Crossbreeding can be an effective solution to improving your herd fertility. It also improves animal longevity and profits. But, cross breeding is also a long-term game.

This article introduces you to the various dimensions of crossbreeding and helps you understand if it is a good choice for you.

Read on.

Why crossbreed?

"Cross-breeding does have a place but is not a silver bullet to all problems like it’s made out to be. Farmers have to go into it with their eyes wide open and understand what they are doing." says Marco Winters, the head of genetics at AHDB.

In crossbreeding, you introduce two or more different breeds of dairy cows into your breeding mix.

Most farmers do this to improve cow fertility and longevity. Some also do it to improve have better calf survival rates and weaning weights.

Crossbreeding works because of two reasons.

One, because in crossbreeding your animals have a more diverse gene pool.

And two, because there is a good chance that this diverse gene pool actually results in better calves that inherit certain valuable characteristics from their parent breeds.

Holstein-Friesians are known to produce large quantities of milk. But they are very large animals and aren’t very hardy either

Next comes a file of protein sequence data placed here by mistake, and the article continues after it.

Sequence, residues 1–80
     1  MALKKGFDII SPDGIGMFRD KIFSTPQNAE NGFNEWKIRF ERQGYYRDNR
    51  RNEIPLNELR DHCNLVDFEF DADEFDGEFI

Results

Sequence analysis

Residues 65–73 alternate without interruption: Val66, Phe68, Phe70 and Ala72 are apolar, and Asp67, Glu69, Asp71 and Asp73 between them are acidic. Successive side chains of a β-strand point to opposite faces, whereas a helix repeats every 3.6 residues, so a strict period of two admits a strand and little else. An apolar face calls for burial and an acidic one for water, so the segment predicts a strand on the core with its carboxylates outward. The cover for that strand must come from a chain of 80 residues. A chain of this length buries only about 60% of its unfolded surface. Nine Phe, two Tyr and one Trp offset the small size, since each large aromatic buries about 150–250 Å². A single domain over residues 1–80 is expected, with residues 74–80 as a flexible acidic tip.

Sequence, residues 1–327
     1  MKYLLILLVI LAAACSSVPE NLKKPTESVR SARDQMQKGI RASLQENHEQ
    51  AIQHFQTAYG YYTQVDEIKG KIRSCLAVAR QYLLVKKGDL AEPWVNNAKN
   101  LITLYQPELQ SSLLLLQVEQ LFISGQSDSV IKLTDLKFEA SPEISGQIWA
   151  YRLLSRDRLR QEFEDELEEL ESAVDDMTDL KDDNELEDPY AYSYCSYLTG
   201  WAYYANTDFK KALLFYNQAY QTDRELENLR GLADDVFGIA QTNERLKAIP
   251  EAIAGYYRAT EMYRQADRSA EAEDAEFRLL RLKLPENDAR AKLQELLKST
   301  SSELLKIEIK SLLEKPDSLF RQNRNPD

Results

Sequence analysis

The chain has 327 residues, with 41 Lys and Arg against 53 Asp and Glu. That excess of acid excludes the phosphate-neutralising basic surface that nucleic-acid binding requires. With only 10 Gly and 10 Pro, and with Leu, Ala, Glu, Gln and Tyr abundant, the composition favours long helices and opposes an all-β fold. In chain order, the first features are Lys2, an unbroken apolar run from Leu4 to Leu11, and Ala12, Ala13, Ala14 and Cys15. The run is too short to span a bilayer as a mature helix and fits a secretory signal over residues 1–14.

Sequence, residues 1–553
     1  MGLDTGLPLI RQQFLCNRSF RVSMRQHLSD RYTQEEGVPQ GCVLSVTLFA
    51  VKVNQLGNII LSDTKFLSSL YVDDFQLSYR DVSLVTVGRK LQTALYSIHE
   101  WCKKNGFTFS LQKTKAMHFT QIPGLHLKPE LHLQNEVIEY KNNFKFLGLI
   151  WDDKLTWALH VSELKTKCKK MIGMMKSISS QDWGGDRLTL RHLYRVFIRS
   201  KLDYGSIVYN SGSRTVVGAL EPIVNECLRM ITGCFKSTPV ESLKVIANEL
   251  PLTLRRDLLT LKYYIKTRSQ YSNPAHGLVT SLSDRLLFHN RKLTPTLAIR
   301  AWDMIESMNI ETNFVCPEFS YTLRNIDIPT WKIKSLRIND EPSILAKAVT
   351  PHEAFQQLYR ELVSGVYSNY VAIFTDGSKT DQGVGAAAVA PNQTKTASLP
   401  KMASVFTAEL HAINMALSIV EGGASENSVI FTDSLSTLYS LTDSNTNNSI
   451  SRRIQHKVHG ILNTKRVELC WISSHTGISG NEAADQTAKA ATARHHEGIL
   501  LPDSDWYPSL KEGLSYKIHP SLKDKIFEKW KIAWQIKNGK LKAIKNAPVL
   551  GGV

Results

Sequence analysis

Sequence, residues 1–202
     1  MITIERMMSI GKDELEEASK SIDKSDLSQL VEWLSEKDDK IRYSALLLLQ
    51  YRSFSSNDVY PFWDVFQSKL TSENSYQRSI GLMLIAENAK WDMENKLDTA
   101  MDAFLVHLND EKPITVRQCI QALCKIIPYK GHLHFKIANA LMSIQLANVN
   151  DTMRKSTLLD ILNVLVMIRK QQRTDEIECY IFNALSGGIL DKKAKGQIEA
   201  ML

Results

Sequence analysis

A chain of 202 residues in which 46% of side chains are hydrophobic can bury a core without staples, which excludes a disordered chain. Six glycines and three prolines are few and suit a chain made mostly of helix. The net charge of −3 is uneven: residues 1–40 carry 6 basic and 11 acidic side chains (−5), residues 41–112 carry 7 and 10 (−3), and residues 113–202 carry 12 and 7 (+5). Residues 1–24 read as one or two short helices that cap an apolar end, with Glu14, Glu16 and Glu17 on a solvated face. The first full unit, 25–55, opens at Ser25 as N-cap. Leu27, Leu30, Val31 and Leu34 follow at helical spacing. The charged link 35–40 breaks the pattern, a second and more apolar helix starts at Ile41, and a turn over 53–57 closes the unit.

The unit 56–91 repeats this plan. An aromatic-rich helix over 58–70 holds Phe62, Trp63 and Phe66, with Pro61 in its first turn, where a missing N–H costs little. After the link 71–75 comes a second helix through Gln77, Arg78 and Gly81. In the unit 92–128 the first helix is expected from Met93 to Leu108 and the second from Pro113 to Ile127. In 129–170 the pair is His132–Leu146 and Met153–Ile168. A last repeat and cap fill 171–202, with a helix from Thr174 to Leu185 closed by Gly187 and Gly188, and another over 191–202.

Holstein-Friesians are known to produce large quantities of milk. But they are very large animals and aren’t very hardy animals.

For example, Holstein-Friesians (H) are known to produce large quantities of milk. But they are very large animals and aren’t very hardy either.

On the other hand, Jersey (J) cows are made of a smaller build and produce decent quantities of milk. So, in this case, a HJ or JF might work better than HH or JJ.

Jersey cows are made of a smaller build and produce decent quantities of milk.

Jersey cows are made of a smaller build and produce decent quantities of milk.

Note, while representing crossbreed genetics in shorthand, the breed of the sire always comes first. Also, one may use HF x J or HJ, both indicates the same thing - a HF sire mated with a Jersey dam.

Key factors to consider:

Here are some factors to consider when designing a crossbreeding program:

Breed merit:

Begins with useful traits in the pure breed. It’s unlikely that you will like the crossbreed results if you don’t already what the individual breeds can offer.

Complementary traits:

For example, Holstein-Friesians (H) are known to produce large quantities of milk. But they are very large animals and aren’t very hardy animals.

On the other hand, Jersey (J) cows are made of a smaller build and produce decent quantities of milk. So, in this case, a HJ or JF might work better than HH or JJ.

Selection:

The larger your pool of bull sires and artificial insemination options, the better are your chances of finding success with your crossbreeding program.

So, choosing unique strains such as Scottish Highlanders or Dutch Belted may not offer a wide range of options. And in turn, may limit your commercial milk production operations.

Variances from the average (Heterosis):